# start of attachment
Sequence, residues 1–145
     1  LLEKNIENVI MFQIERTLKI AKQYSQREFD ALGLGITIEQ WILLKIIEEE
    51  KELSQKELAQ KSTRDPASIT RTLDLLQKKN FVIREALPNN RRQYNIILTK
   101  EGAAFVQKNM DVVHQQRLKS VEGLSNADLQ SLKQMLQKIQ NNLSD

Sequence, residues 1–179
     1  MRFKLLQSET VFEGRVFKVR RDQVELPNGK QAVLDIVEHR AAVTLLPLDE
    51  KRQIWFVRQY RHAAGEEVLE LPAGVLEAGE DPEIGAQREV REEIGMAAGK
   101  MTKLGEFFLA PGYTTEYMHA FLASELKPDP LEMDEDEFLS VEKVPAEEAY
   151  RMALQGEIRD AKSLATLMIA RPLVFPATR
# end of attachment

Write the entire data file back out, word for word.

Sequence, residues 1–145
     1  LLEKNIENVI MFQIERTLKI AKQYSQREFD ALGLGITIEQ WILLKIIEEE
    51  KELSQKELAQ KSTRDPASIT RTLDLLQKKN FVIREALPNN RRQYNIILTK
   101  EGAAFVQKNM DVVHQQRLKS VEGLSNADLQ SLKQMLQKIQ NNLSD

Sequence, residues 1–179
     1  MRFKLLQSET VFEGRVFKVR RDQVELPNGK QAVLDIVEHR AAVTLLPLDE
    51  KRQIWFVRQY RHAAGEEVLE LPAGVLEAGE DPEIGAQREV REEIGMAAGK
   101  MTKLGEFFLA PGYTTEYMHA FLASELKPDP LEMDEDEFLS VEKVPAEEAY
   151  RMALQGEIRD AKSLATLMIA RPLVFPATR